From the Edi­tor

Horse & Rider - - Contents -

IT’S SAID THAT youth is wasted on the young. In some ways, I guess I could agree with the sen­ti­ment—es­pe­cially when it comes to nap­time, me­tab­o­lism, and end­less en­ergy.

But if a young­ster has ac­cess to a horse, that’s prob­a­bly the best pos­si­ble way to take ad­van­tage of his or her younger years.

Here are just a few rea­sons why.


Do you re­mem­ber the last time you came off your horse? It prob­a­bly hurt a lot more, for a longer time, at 40-, 50-, or 60-some­thing than it did when you were a child. And I’d guess from my own re­cent oust­ing from the sad­dle that it made you more cau­tious the next time you mounted up—even a lit­tle fear­ful that it might hap­pen again.

Kids bounce. And when they come back up, some­times it’s even with a smile on their face or a look of de­ter­mi­na­tion. They don’t have the lin­ger­ing aches, pains, bumps, and (very large) bruises. Even when they do, say, break a bone, they fin­ish their six weeks in a cast and are horse­back be­fore we adults are half­way through the heal­ing process.


When was the last time a kid had to worry about pre­sent­ing to a client or drop­ping off a mort­gage check? If you can tear them away from their de­vices, kids are rel­a­tively dis­trac­tion-free in the sad­dle. Yes, there’s home­work to think about, but if the op­por­tu­nity arises for my sons to fo­cus on rid­ing or math, sad­dle time wins, and they quickly for­get about the class as­sign­ments. That dis­trac­tion-free mind is ripe for learn­ing, too.


Learn­ing gets harder as we age. Our ex­pe­ri­ences in­flu­ence our ob­jec­tiv­ity and will­ing­ness to be ed­u­cated by peo­ple we see as “un­like us.” Kids lack pre­con­cep­tions that might limit learn­ing op­portu-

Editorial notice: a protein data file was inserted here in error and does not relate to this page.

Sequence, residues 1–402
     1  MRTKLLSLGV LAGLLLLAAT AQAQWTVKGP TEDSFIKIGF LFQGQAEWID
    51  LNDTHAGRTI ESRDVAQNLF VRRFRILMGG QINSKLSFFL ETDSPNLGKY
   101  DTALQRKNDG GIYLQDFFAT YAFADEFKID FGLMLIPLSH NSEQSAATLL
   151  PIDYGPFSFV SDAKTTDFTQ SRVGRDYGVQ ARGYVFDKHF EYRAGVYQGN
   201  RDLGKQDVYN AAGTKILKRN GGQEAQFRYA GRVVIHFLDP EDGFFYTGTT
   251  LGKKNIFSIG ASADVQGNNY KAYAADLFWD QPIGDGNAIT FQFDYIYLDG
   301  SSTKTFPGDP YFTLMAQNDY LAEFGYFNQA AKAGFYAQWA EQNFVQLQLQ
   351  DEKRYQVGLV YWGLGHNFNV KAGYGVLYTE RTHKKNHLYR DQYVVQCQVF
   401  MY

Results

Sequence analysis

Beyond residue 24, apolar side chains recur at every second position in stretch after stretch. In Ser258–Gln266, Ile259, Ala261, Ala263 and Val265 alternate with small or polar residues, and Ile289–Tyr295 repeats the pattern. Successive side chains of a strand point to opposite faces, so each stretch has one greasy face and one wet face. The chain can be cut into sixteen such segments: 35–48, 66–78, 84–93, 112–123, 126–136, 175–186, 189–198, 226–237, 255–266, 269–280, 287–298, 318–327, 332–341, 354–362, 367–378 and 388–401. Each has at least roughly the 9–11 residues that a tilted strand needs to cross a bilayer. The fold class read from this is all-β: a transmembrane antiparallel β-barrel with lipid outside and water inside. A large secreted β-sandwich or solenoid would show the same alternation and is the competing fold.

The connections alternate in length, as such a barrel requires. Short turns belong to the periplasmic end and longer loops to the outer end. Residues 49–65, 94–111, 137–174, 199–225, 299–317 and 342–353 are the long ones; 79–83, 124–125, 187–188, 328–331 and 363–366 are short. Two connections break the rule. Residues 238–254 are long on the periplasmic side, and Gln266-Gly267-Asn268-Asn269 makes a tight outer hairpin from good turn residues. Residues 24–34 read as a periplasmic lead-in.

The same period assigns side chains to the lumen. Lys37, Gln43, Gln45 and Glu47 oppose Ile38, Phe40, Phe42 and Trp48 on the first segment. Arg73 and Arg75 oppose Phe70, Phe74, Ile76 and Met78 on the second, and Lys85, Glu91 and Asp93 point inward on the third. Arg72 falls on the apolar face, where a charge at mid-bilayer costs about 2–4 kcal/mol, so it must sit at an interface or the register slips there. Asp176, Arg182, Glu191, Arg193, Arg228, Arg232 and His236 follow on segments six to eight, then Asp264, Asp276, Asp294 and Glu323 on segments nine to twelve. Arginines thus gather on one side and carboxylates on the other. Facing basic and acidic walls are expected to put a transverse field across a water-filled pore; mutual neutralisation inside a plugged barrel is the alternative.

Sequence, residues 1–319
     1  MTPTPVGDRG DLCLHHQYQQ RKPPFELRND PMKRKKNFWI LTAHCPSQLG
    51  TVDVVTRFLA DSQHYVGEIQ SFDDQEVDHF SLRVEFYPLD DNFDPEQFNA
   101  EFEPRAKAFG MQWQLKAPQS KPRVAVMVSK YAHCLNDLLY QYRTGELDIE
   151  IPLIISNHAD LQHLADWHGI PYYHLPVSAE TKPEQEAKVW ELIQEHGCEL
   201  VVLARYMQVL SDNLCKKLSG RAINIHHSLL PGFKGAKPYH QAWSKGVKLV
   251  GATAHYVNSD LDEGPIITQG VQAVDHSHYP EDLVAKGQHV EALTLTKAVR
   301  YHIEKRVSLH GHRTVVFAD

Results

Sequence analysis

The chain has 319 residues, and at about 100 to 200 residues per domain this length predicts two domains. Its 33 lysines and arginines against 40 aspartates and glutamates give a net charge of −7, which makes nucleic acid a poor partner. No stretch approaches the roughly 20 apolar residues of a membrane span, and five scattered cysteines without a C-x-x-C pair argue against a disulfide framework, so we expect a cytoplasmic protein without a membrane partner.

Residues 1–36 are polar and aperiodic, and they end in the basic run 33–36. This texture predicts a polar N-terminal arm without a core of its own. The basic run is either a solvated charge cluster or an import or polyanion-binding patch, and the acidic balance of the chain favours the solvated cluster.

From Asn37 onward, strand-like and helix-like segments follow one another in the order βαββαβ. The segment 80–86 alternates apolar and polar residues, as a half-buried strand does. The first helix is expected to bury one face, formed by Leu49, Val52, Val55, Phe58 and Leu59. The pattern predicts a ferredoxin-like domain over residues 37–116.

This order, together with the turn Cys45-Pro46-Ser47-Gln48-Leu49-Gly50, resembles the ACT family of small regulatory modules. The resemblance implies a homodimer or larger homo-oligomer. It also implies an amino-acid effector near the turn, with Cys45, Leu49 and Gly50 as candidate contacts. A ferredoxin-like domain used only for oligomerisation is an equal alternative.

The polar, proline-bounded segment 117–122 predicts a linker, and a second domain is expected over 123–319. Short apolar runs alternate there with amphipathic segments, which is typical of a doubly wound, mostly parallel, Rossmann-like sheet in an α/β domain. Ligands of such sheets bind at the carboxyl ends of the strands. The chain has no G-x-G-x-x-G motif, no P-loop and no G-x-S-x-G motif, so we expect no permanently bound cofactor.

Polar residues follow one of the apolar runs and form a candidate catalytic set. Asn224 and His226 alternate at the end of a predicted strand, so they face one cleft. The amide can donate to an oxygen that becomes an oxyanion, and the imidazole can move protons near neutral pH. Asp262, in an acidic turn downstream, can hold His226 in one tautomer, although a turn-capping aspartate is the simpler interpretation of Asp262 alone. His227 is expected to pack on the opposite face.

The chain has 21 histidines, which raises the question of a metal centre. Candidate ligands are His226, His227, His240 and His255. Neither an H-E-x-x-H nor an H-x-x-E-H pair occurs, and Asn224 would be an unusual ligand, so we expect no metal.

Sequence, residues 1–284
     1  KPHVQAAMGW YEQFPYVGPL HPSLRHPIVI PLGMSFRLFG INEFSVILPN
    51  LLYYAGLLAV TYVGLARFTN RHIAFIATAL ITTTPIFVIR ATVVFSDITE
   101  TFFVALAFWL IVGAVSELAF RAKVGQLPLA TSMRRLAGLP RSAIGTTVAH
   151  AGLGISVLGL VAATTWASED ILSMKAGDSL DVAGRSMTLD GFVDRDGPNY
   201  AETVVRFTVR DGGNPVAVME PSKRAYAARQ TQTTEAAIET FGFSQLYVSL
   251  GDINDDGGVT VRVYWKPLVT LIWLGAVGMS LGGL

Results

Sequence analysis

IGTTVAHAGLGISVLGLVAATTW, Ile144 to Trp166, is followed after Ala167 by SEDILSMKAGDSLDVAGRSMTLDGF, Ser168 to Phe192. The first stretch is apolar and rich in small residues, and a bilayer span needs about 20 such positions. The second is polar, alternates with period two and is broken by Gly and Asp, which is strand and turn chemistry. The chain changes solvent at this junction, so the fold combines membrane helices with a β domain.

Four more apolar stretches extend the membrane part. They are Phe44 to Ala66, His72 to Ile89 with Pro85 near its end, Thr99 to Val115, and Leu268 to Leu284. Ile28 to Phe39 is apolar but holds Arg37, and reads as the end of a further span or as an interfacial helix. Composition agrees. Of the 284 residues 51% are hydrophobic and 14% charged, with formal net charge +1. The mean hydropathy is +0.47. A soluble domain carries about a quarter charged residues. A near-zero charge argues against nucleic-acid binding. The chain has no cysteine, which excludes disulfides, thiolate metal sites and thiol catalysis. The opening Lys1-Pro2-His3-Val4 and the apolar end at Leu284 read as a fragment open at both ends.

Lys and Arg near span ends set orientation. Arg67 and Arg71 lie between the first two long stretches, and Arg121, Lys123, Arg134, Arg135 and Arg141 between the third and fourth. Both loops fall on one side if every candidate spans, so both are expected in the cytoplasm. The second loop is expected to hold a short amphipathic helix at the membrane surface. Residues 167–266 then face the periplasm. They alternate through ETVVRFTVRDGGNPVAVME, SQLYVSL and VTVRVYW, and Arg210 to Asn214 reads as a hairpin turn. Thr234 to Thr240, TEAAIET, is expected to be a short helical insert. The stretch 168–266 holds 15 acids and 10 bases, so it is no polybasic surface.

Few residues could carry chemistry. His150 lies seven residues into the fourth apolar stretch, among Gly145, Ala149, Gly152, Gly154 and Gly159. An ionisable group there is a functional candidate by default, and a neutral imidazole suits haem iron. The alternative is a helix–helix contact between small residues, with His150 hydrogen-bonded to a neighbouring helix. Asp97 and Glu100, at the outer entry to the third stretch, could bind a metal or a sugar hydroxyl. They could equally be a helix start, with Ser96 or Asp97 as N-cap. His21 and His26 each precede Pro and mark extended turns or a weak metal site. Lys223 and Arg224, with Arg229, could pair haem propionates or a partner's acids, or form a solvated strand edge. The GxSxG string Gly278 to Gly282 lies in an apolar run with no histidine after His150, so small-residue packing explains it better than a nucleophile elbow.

ni­ties. And be­cause they’re learn­ing all day at school, their brains are primed to take in all the info to ride bet­ter, whether those lessons come from a trainer, in­struc­tor, par­ent, or even the horse.


As we age, main­tain­ing pas­sion takes work. We face burnout, hit plateaus, and lose in­ter­est. Even if a child has been horse­back “since she was born,” horse life is new, ex­cit­ing, in­trigu­ing, and full of op­por­tu­ni­ties. Chil­dren have the en­ergy and drive to take risks and try new things. That pas­sion grows and de­vel­ops as young rid­ers gain skills, get older, and be­come skilled horse­men. Then, when they reach par­ent­hood, they can share that pas­sion for all things horses with their own kids.


You’ll see many young rid­ers on the pages of this is­sue (in de­part­ments and fea­tures) and read about rea­sons why the out­side of a horse is good for the in­side of any kid.

Look for Bob Avila’s ad­vice for young rid­ers (page 47) and Se­nior Edi­tor Jen­nifer Forsberg Meyer’s “Why Kids Should Ride” (page 62).

But our com­mit­ment to get­ting kids horse­back doesn’t stop in the pages of the mag­a­zine, and we hope yours doesn’t, ei­ther. Do you en­cour­age equine pur­suits for your chil­dren and grand­chil­dren? How are you shar­ing your West­ern horse life with kids so it con­tin­ues for gen­er­a­tions to come? Email me at the ad­dress at right to share your con­tri­bu­tions.

You can reach Jen­nifer Paul­son at jpaul­son@aim­me­

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